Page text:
When journalist Pierre Peders (Buscemi) – a cocksure political hack with serious life issues – tries to interview actress Katya (Sienna Miller), the pair seriously walk the line between the likeable and unlikeable, the trustworthy and untrustworthy and the honest and deceptive as they try and outdo each other. It’s really only at the very end of the movie that both characters reveal their true selves. The actor/director also co-wrote the well-paced script (with David Schechter), basing it on a 2003 Dutch cinematic work written and directed by the late Theo van Gogh.
5. Ghost World (Terry Zwigoff, 2001)
It’s impossible not to like Seymour (Buscemi), the single, forties-something, blues loving, vintage record collecting geek, whose outward awkwardness hides his undeniably impressive intelligence. Indeed, Seymour seems so vulnerable that even members of the staunchest Moral Majority clique would probably overlook the fact he ends up being romantically involved with a teenage girl (Thora Birch) who has just finished high school and is probably not even half his age. But then again it’s a love story – and not a bad one at that.
4. Fargo (Joel Cohen, 1996)
SPOILER WARNING – Uppity kidnapper Carl Showalter (Buscemi) suffers one of the grimmest fates in the history of American film after he spectacularly botches the collection of an $80,000 ransom from a rich businessman (Harve Presnell) before trying to rip off his psychopathic partner-in-crime (Peter Stomare). Loose and loud, the vociferous and in-your-face Showalter is pretty much a train wreck waiting to happen – and when he does eventually crash and burn it’s macabrely spectacular.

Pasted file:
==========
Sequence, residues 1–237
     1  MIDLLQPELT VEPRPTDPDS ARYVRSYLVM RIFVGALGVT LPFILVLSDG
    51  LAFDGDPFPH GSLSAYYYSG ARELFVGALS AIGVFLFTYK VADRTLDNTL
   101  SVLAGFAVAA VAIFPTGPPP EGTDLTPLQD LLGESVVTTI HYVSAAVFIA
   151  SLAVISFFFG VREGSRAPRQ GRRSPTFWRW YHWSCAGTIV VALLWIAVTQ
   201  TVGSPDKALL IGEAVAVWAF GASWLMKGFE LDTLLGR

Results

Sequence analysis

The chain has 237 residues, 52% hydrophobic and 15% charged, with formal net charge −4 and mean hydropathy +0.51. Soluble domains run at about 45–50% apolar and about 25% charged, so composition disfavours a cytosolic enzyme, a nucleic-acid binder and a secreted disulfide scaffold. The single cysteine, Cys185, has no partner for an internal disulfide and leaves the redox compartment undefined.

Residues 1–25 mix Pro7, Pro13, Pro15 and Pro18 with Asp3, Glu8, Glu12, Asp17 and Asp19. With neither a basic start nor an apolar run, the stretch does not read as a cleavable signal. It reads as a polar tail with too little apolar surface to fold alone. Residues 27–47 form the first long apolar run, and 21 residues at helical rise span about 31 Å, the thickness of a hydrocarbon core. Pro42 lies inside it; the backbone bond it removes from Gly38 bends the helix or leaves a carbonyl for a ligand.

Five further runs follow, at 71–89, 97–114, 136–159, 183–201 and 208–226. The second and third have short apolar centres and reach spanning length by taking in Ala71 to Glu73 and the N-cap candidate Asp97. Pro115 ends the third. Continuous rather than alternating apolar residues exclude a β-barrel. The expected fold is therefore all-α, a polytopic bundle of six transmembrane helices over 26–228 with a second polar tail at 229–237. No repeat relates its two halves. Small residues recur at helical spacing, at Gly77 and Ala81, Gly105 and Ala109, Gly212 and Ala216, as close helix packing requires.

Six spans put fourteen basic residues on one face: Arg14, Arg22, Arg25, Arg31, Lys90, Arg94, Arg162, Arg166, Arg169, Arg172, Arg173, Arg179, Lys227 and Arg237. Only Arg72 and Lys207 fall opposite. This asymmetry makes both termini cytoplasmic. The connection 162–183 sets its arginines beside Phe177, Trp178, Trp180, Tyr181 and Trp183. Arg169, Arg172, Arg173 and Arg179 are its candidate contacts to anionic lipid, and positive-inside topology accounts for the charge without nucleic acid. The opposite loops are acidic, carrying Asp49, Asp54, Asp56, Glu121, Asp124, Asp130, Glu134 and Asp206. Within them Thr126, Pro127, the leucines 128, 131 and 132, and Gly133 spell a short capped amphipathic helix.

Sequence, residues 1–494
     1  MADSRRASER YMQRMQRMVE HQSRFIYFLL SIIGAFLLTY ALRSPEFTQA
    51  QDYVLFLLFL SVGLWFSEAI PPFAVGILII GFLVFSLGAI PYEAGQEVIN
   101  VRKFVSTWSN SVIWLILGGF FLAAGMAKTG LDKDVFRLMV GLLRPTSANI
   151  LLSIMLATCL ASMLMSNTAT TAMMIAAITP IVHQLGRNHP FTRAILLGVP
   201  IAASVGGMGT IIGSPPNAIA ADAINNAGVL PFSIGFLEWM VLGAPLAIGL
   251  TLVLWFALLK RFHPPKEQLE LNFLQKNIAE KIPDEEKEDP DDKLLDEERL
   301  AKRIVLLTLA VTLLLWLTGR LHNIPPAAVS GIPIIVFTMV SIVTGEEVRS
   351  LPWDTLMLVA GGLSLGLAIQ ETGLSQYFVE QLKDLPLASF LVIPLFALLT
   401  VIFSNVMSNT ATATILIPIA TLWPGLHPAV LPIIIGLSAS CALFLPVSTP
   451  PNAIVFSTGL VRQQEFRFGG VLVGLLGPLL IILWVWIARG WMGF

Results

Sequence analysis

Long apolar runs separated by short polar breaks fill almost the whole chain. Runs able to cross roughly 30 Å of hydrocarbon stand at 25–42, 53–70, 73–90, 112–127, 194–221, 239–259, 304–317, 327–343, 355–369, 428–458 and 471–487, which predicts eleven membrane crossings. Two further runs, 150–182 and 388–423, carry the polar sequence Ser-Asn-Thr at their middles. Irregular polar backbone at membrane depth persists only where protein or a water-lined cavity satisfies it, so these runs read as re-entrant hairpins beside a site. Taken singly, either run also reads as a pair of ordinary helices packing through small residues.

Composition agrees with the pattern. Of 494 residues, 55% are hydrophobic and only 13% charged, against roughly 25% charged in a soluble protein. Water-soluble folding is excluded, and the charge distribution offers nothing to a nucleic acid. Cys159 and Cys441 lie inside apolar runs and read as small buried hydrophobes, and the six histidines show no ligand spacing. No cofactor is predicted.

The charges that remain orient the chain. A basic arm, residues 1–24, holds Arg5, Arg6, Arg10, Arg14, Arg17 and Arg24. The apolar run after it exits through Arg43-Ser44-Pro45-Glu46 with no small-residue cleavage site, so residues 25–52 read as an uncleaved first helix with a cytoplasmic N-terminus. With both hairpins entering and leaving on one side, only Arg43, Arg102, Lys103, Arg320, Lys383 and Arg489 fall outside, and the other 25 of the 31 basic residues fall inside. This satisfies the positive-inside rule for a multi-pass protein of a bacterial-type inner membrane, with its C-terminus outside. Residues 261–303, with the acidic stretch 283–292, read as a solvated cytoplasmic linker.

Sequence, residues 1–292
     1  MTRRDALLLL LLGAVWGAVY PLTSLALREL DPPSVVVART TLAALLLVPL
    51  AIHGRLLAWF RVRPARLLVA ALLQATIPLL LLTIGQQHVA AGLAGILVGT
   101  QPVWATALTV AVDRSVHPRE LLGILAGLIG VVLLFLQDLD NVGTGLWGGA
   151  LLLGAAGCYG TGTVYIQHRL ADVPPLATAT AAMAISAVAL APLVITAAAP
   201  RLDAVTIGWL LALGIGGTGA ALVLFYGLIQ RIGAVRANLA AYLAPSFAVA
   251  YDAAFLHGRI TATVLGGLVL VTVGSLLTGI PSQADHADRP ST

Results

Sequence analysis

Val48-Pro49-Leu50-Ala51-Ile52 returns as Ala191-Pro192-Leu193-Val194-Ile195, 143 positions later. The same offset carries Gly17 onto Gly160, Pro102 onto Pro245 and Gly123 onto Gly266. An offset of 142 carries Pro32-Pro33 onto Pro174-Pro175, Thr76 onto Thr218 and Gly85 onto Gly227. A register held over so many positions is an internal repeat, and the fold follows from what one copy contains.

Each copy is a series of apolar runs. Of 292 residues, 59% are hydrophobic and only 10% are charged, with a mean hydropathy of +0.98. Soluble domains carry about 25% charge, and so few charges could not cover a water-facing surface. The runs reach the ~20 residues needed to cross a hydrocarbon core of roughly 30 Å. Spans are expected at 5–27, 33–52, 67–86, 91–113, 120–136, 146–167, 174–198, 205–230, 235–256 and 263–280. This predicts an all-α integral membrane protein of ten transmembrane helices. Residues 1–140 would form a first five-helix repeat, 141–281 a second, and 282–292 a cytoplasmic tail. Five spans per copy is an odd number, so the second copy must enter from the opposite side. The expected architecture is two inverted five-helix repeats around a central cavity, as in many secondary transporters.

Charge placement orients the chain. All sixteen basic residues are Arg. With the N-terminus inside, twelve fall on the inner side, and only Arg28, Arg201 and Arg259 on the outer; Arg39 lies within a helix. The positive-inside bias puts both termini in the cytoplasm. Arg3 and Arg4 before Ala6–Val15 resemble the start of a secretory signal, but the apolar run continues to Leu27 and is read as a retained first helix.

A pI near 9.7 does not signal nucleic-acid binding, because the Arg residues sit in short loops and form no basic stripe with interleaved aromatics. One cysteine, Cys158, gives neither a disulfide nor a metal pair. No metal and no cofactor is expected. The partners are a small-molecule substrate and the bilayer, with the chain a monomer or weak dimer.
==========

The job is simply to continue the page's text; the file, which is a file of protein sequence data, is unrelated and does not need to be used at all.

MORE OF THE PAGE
3. Con Air (Simon West, 1997)
“That skinny little man butchered 30-something people up and down the eastern seaboard. They say the way he killed those people makes the Manson Family look like the Partridge Family” – Hannibal Lecteresque serial murderer Garland Greene (Buscemi) as described by Baby O (Mykelti Williamson) after he is escorted onto a hijacked prisoner plane by the unwitting authorities in Con Air. “Well, he’s on the right flight,” Cameron Poe (Nicholas Cage) replies. As it turns out, Greene does end up catching the right flight.
2. Reservoir Dogs (Quentin Tarantino, 1992)
SPOILER WARNING – Mr Pink (Buscemi) is probably the smartest member of a group of diamond robbers which is double crossed during a heist, realising pretty much immediately after the event that it was probably a set up. He is also the one who gets away from the crime scene with the stolen booty, although he eventually gets killed off-screen as he makes his getaway in the movie’s final minutes.
1. Living in Oblivion (Tom DiCillo, 1995)
Independent film maker Nick Reve (Buscemi) faces all sorts of traumas while trying to direct a low budget movie – including a carton of rancid milk on the set, post-one night stand rivalry between his two lead actors (Catherine Keener and James LeGros), a surprise visit by his senile mother (Rica Martens), accusations of stereotyping from his cast’s dream sequence dwarf (Peter Dinklage) as well as a secret yearning for his leading lady. By the end even the viewer is unsure what’s real and what isn’t. A beautifully controlled multi-faceted performance in one of the most abstractly intelligent works about movie making ever to grace the silver screen.
Written and Compiled by Mark Fraser
Your turn – what are your fave Steve Buscemi films and performances?